Indian opposition leader Gandhi expelled from parliament

Expulsion follows conviction for defamation over remarks about prime minister Narendra Modi’s surname

Rahul Gandhi, one of the last national figures standing in political opposition to prime minister Narendra Modi of India, was disqualified as a member of parliament on Friday, sending shockwaves across the country’s political scene and devastating the once-powerful Indian National Congress party Mr Gandhi leads.

Mr Gandhi was expelled from the lower house the day after a court in Gujarat, Mr Modi’s home state on the western coast of India, convicted him on a charge of criminal defamation. The charge stemmed from a comment he made on the campaign trail in 2019, characterising Mr Modi as one of a group of “thieves” named Modi – referring to two prominent fugitives with the same last name. Mr Gandhi received a two-year prison sentence, the maximum. He is out on 30 days’ bail.

Any jail sentence of two years or more is supposed to result in automatic expulsion from parliament, but legal experts had expected Mr Gandhi to have the chance to challenge his conviction. A notification signed by a parliamentary bureaucrat appointed by Mr Modi’s Bharatiya Janata Party on Friday stated that Mr Gandhi had been disqualified automatically by the conviction itself, according to the constitution of India.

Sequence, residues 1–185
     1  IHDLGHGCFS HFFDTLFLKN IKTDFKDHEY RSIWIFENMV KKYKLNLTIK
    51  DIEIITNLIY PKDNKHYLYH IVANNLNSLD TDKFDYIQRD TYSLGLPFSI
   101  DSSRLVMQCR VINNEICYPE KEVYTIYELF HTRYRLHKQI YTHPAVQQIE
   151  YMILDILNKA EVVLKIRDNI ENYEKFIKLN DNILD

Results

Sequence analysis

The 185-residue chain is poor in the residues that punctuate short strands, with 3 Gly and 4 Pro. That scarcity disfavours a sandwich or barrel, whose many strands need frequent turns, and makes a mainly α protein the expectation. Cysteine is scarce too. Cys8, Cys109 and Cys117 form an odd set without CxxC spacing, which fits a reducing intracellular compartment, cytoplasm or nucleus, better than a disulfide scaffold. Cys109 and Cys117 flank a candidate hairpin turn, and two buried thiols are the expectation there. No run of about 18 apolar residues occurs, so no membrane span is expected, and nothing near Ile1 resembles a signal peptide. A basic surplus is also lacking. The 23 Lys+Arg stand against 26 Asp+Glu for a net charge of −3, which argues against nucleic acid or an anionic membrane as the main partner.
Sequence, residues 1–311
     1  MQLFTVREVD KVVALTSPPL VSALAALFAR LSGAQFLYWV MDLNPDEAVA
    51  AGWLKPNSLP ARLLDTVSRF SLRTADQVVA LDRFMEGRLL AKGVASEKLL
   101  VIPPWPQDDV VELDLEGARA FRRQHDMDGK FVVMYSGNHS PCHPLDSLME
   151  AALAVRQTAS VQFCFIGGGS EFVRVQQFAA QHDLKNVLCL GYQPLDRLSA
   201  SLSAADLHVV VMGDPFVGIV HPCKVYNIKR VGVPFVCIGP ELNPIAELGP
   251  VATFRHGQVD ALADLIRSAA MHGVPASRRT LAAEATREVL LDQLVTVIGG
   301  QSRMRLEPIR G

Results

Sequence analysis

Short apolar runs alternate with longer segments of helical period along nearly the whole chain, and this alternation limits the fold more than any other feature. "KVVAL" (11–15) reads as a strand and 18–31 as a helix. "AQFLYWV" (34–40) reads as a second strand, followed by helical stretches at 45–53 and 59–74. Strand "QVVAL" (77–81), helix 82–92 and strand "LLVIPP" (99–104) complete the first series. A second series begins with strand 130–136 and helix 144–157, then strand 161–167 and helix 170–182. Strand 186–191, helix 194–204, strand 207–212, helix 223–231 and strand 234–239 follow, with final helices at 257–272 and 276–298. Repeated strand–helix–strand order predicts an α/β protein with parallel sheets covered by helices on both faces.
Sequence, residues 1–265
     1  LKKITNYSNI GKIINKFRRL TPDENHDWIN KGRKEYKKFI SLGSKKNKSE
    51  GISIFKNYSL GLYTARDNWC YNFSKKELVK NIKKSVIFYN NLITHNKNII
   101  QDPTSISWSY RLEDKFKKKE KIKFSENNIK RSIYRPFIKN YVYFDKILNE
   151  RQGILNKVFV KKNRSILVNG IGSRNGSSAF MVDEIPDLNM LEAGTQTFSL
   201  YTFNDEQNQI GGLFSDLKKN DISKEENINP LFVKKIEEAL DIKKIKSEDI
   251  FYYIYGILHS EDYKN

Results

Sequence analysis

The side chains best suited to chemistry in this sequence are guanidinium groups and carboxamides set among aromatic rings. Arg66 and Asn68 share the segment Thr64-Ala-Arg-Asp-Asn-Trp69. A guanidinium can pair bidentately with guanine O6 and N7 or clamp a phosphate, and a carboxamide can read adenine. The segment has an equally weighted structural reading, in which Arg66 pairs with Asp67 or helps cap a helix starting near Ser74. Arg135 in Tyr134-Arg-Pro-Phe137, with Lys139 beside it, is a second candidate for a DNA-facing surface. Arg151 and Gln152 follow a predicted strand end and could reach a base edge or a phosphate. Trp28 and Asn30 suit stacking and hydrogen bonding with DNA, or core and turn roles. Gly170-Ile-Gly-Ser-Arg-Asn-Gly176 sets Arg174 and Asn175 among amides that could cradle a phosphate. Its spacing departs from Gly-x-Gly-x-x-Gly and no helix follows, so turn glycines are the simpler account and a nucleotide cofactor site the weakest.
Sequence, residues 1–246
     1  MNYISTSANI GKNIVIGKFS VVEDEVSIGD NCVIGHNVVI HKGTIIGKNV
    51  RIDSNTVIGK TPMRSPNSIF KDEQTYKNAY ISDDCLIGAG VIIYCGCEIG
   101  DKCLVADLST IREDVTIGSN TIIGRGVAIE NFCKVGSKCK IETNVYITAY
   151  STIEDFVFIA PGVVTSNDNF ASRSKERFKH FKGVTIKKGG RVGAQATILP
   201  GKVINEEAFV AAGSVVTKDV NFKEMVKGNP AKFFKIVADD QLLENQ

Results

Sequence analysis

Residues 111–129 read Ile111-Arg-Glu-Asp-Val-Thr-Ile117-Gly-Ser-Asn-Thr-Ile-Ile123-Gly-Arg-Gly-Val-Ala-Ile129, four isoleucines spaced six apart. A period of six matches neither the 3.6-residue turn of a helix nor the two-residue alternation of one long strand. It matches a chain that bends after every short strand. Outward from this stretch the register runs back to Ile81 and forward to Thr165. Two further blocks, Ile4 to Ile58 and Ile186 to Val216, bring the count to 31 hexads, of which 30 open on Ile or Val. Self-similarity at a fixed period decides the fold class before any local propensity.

“They are destroying the constitution, killing it,” said Srinivas Bhadravathi Venkata, president of the Indian National Congress Party’s youth wing. “The court gave Mr Gandhi 30 days to appeal against the order, and hardly 24 hours have passed since.”


Mr Gandhi said in a Twitter post on Friday: “I am fighting for the voice of this country. I am ready to pay any price.”

Mr Srinivas said the party will fight the expulsion, politically and legally. One of the party’s most prominent members, Shashi Tharoor, who like Mr Gandhi is a member of the lower house in the state of Kerala, said on Twitter that the action ending his tenure in parliament was “politics with the gloves off, and it bodes ill for our democracy.”

– This article originally appeared in The New York Times.